Making learning more intuitive

A research project that I have been working on is the Intuitive Learning Resources (ILR) project.

ILR researches the creation and application of visual learning objects where content remains the focus, not the interface. The project was born from previous research highlighting the positive results found when student are provided access to intuitive learning objects at a time, place and pace to suit their individual learning needs.

We have now created a web page to house the various resources created. Click here to view the various resources currently been used by students.


Trying out augmented reality

The picture below is a trigger for an augmented reality overlay, showing how the ditch at Avebury Henge has silted up over the past 4,500 years or so.

To see the augmented image, go to the App store on your Apple or Android tablet or phone and download the Aurasma app.    Register with a username, password and email address, and then press on ‘discover auras’ and search for lizfal. Press on ‘follow’ and then press the small purple square at the bottom of the page. Your camera viewfinder will open. Find the image in your viewfinder and hold still for a few seconds – you should see the augmented image appear! You have to have a wireless connection or 3G active to be able to see the augmented image.

Alone / Together

You’re sat there again. Writing.

All alone.

The internet’s there. It always is. The distraction factory: a cacophony of noise telling you that everyone else is having much more fun than you. The world’s happening in some other place.

And you’re still sat there.

But what if it wasn’t just you? What if you were able to share the writing process with others? What if you weren’t alone?

That’s the premise behind Shut Up and Write Tuesdays, “a virtual writing workshop for academic folk”. It’s an extension of the Shut Up and Write premise that originated amongst the Californian creative writing community and grown in popularity here after being adopted by the student academic community.

Using the Pomodoro Technique that I’ve talked about before, it takes place across Twitter every Tuesday.

In practical terms it’s a Twitter exchange that comes to life through a hashtag (#suwtues / #suwtuk / #suwtna – depending on whether you’re following from the US and Canada, the UK and Western Europe, or the Asia-Pacific region).

There’s a countdown, people chatter and get ready to start – there might be the odd exchange about what you’re currently writing – then…

YOU’RE OFF! 25 minutes of writing. In Twitter silence.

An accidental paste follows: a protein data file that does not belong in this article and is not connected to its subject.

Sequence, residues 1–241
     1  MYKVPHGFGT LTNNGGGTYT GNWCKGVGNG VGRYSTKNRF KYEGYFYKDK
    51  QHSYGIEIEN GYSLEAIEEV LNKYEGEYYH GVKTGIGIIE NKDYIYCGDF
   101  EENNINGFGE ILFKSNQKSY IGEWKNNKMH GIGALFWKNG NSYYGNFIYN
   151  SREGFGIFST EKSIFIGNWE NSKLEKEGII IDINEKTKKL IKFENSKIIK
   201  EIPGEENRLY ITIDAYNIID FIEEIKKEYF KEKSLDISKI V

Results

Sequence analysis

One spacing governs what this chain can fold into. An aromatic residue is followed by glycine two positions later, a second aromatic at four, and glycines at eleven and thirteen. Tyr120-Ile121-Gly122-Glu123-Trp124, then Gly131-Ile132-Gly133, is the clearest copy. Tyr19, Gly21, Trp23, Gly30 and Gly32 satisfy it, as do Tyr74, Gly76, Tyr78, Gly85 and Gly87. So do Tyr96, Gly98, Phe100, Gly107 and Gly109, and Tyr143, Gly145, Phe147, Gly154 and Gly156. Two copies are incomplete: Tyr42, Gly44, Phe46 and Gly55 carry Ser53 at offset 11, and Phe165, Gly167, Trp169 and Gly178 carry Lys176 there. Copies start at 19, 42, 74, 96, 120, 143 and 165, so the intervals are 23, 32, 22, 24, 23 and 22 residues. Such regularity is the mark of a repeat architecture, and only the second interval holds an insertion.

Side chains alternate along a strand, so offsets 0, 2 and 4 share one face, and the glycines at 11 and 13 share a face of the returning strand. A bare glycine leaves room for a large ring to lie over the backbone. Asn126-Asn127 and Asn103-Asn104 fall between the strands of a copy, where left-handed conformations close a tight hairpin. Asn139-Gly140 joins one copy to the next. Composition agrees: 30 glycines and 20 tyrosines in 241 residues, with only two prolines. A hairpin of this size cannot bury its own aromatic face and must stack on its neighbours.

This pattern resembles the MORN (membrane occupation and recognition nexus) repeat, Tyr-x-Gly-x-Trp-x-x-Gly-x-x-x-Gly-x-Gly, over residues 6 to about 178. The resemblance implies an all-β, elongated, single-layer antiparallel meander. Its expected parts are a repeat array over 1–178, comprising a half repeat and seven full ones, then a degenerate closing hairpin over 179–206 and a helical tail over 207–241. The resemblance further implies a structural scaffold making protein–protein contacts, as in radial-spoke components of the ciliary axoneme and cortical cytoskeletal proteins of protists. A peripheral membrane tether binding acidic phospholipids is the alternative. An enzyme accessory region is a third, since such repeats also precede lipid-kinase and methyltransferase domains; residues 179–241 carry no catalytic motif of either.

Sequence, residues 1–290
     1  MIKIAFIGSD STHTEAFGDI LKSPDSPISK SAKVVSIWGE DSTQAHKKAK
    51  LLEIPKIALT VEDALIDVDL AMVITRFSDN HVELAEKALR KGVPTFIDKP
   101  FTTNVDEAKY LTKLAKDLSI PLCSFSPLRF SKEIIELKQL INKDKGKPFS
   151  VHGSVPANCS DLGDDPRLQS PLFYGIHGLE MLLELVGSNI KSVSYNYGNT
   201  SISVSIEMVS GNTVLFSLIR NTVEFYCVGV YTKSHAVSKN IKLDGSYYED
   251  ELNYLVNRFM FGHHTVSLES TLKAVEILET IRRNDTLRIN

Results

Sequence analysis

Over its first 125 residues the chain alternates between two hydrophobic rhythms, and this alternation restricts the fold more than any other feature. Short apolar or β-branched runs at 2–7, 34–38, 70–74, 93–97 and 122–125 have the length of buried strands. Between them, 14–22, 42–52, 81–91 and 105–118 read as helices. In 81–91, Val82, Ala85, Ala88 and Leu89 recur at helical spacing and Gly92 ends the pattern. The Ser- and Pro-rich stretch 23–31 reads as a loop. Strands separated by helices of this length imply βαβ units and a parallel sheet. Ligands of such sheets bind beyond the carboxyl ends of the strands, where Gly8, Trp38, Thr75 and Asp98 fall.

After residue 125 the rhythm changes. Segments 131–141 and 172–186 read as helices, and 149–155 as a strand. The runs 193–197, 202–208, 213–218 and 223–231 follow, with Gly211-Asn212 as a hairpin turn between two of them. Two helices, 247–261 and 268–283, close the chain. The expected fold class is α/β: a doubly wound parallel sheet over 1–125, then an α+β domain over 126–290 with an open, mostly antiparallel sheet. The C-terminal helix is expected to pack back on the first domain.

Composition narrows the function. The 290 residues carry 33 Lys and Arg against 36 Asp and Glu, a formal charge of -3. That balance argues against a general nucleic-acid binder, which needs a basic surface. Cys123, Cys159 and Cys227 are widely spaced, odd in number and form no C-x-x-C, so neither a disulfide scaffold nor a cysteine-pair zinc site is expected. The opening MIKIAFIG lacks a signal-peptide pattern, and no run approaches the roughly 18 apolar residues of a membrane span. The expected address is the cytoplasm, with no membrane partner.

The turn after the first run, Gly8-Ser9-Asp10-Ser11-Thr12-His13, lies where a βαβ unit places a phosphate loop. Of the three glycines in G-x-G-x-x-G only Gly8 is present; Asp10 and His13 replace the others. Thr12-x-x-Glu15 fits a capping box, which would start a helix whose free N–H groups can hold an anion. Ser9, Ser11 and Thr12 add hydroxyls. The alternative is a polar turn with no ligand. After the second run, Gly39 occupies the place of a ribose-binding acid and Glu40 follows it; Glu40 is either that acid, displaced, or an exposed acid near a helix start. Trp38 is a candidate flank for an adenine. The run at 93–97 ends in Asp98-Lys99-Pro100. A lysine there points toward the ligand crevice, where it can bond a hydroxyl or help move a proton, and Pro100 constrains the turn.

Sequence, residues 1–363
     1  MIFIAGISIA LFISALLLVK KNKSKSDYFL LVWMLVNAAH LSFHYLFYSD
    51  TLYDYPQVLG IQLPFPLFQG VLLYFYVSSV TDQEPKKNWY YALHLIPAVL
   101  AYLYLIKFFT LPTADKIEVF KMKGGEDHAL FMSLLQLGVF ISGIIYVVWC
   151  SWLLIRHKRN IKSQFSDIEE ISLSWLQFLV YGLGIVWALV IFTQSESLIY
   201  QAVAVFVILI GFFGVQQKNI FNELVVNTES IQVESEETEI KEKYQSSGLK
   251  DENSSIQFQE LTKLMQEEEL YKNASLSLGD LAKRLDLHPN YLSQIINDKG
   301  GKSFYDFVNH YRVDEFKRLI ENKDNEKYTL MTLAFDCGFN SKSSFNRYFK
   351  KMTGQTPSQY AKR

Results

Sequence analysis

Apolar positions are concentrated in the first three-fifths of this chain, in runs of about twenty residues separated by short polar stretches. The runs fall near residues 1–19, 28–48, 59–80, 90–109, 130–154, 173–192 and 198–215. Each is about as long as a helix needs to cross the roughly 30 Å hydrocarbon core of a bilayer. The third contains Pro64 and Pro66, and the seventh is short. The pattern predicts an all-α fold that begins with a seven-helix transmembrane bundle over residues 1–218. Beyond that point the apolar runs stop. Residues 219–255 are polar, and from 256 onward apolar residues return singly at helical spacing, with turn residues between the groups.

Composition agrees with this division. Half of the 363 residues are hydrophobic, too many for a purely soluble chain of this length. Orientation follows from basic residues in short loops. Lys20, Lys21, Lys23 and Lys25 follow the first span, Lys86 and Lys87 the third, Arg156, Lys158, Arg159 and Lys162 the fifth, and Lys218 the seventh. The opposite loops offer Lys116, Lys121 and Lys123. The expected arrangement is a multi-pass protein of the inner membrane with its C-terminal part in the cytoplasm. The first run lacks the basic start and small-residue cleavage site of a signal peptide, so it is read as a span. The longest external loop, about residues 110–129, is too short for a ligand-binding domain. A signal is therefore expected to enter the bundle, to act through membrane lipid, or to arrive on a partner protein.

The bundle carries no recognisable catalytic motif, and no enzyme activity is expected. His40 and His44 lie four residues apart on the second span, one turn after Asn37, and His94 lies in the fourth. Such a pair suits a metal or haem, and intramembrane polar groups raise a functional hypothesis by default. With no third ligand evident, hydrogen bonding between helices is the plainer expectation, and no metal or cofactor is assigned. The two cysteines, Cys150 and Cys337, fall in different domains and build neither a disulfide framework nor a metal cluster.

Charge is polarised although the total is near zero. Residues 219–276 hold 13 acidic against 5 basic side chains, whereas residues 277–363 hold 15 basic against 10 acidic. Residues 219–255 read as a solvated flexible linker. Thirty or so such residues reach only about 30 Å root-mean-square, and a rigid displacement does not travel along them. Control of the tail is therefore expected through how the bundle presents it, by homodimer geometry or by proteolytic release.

When time’s up, you’ve a 5 minute break to visit the toilet, make that cup of tea, tell the world what you’re dog just did… Procrastinate as much as you want before… YOU’RE OFF AGAIN! 25 minutes more writing…

That’s the idea and it seems to work – at least judging by the enthusiastic global chatter every Tuesday morning. I like it too.

But what’s actually happening?

Erikson and Kellogg might say that participants are benefiting from something they call “social translucence”. Through the social networking platform we’re able to experience the activities of other visible participants that “support coherent behaviour by making participants and their activities visible to one another” (Erickson et al., 2002).

It’s translucent, rather than transparent, because information is selective (whether intentionally or not) and we can hide a lot behind those 140 characters!

Yes, of course participants may be manipulating and making visible activities that are not actually taking place through this “social proxy” on Twitter, but the common language and shared group aesthetic (tea, cake, casual and informal), as well as the low ‘risk’ nature of the activity (personally completing some writing), creates a reassuring environment where ‘trust’ isn’t a necessary factor for success. There’s no leverage to be gained by seeking to manipulate impressions – you’d only be kidding yourself!

We have a ‘sense’ that we’re sharing an activity with other similar people. And while, like the example I’ve given before about collaborating (while not collaborating), we’re not working together to achieve the same goal, we are working ‘together’ through sharing the same virtual space and experience.

The ‘alienating power of technology’ used to to unite.

Erickson, T., Halverson, C., Kellogg, W., Laff, M. and Wolf, T. (2002) Social translucence: designing social infrastructures that make collective activity visible. Communications of the ACM [online]. 45(4), pp. 40-44. [Also available online]

Image - V.H. Belvadi's desk by V.H. Belvadi - from:

How technology can be used to support informal learning in the workplace

Professor John Cook and Dr Patricia Santos are hosting a workshop to discuss how technology can be used to support informal learning in the workplace – mainly focused on Higher Education, Creative Industries and Healthcare sector.  

 The project team is pleased to discuss with you whether the tools and applications we have developed might be useful in your work and learning context. The workshop takes place on June 20th from 10am to 5pm at Armada House in Bristol. Entry is free but places are limited so please register by following the link below if you wish to attend. Coffee and a buffet lunch will be provided, with an informal reception and drinks following the workshop.

University of West England Vice Deputy Chancellor Prof. Jane Harrington will open the event.

To book your place, please go to